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Written by Donald A. Promnitz
Olga Bowles is doing well, now — but five years ago, she was stuck in a housing limbo.
After 20 years in the retail business, she found herself living with her son and his family. It was, according to her, a trying experience.
“I had to go through this phase where my son was always telling me: ‘This is my house! I can do what I want!’ I hated that,” Bowles said. “I had a room for myself and I did not associate with them, basically.”
Bowles applied for two different homes and after a year of being waitlisted, she finally got into the Fresno Silvercrest Residence, an affordable housing apartment complex run by the Salvation Army.
Gary Kleinhammer knows firsthand how this issue has affected seniors in the Central Valley and elsewhere in California. As the property manager for Silvercrest, he’s watched as the rising cost of living has driven blue-collar retirees to seek affordable housing they never anticipated needing. In fact, of the 165 people living at his facility, all but one of them has been surviving on an income of less than $10,000 a year. And just like with Bowles, Kleinhammer said the average amount of time on the waitlist is a year.
“I’ve done interviews with lots of applicants that just don’t want to live with their families anymore… but they can’t afford to rent an apartment,” Kleinhammer said. “And I’ve heard war stories — they’re sleeping in someone’s garage, they’re trying to spend their whole check just on rent and can’t afford to buy groceries. It’s just very sad.”
These stories also find their way to Salvation Army Maj. Ken Hood, who serves with his wife Debbie (also a major) as a chaplain for Silvercrest. As a past manager, he’s on the referral list for several places and gets about three emails a week from desperate seniors looking for an affordable home.
“I just had one where the person has lived in a house for 20 years, but the owner sold to somebody else. She had to move out — she and her friend have no idea where they’re going to go,” Hood said. “And your heart goes out to them, but there’s only so many apartments.”
However, Bowles’ story — and the encounters experienced by Kleinhammer and the Hoods — is a growing norm throughout California. There’s been a tremendous spike in the need for affordable housing in California as the cost of living in the state continues to rise and one of the hardest-hit demographics are seniors.
Higher taxes and regulations have caused the cost of operations to rise in many retirement communities. This in turn is passed down to the seniors and their families. Meanwhile, homes they’ve lived in (often for decades) have experienced hikes in rent that force them to live elsewhere. This is especially a problem for those on a fixed income. Those without a retirement plan in place are becoming less and less able to depend on their monthly Social Security benefits, which are often almost completely depleted by the cost of rent.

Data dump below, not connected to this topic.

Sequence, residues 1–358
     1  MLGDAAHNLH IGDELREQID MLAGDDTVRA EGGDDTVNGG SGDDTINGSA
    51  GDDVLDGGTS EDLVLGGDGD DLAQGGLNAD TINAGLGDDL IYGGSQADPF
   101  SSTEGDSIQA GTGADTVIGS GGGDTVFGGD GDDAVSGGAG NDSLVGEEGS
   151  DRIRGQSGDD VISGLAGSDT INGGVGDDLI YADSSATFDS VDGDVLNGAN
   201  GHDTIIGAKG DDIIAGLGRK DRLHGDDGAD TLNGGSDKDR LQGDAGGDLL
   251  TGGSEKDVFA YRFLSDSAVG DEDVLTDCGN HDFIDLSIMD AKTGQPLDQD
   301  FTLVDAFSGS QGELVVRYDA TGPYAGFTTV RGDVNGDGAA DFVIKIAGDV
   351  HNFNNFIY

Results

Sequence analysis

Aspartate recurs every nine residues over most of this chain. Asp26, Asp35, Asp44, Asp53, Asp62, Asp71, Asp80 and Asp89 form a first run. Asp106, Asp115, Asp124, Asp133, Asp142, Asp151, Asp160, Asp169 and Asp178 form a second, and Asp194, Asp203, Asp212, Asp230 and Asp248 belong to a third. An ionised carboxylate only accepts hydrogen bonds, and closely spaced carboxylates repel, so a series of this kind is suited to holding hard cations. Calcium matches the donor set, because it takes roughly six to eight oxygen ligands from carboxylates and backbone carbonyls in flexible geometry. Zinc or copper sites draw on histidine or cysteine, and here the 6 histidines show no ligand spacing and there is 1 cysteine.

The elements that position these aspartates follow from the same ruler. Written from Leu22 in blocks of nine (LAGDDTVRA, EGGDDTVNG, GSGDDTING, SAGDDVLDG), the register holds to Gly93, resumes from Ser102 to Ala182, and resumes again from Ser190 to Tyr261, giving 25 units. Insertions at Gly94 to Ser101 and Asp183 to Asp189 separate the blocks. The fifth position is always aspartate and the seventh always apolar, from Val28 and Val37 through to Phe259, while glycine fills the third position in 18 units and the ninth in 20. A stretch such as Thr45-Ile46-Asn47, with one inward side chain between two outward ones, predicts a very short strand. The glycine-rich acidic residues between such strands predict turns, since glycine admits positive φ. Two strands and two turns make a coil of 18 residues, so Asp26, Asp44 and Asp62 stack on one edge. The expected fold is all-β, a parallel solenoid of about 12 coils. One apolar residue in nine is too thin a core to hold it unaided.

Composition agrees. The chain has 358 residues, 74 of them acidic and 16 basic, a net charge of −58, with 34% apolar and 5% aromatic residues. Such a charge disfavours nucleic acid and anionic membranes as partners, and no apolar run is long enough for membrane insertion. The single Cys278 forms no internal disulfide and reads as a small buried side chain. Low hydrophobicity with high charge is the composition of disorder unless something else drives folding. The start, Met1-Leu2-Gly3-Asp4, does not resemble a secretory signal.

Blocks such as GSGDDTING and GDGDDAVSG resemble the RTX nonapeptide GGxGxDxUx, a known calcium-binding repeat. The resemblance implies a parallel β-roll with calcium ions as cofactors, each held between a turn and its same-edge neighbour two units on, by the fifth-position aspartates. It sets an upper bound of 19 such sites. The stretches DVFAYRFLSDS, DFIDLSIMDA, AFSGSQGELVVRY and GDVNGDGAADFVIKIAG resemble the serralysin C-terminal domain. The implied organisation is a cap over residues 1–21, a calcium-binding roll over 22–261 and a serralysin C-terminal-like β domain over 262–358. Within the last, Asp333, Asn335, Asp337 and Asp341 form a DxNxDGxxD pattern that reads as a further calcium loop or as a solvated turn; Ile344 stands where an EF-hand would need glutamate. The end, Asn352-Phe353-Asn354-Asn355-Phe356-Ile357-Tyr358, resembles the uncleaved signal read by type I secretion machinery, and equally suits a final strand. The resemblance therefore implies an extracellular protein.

For example, RENTCafé, an online listing service, found the cheapest neighborhoods in Fresno had an average monthly rent of $858, which doesn’t included the cost of expenses as gas and groceries.
The issue has led a high increase in demand for affordable housing. However, supplying this demand has become quite difficult. Seniors applying now can often expect to be waitlisted for years.
At Twilight Haven, an affordable senior apartment facility in Southeast Fresno, Admissions Director Lisa Kooiman has been on the receiving end of the high demand. Currently, there are only three people on her waiting list, but she has only been working there for a year. Before her arrival, she added that there was no waitlist and the facility was never at full occupancy.
To make matters more complicated, Kooiman says that two of the people on her waitlist are currently homeless.
“Their situation had been that they were staying with family, and the family, unfortunately, was trying to financially take advantage of them… and not leave them with anything,” Kooiman said. “And so they left that situation with family members and are unfortunately having to stay at a homeless shelter because they can’t find anything else their income will take care of.”
One Twilight Haven occupant to get in before the influx was Esther Palacios from Selma. She came in around the same time as Kooiman, when her home became too much for her to handle in terms of size and cost. Before Twilight Haven, she applied to several other areas, but — like so many others in her situation — was waitlisted.
“I had a list of them,” Palacios said. “And then I went to the Yellow Pages in the phonebook, but everybody I called, it was about a year or more of waiting. And I needed to get out of where I was staying because my rent was too high.”
Solutions are being looked at look at by those in the senior housing community and by those in assisted living. Last year, Gov. Gavin Newsom signed an executive order mandating an aging plan for California seniors. In October, a community meeting was held in Clovis to strategize a plan for care for the elderly in the Central Valley, with housing being one of the main topics of discussion.
In the meantime, the Central Valley — much like the rest of California — will remain in a race against time to find a solution.
Editor’s note: This is the second of a two-part series on how the housing crisis is affecting seniors.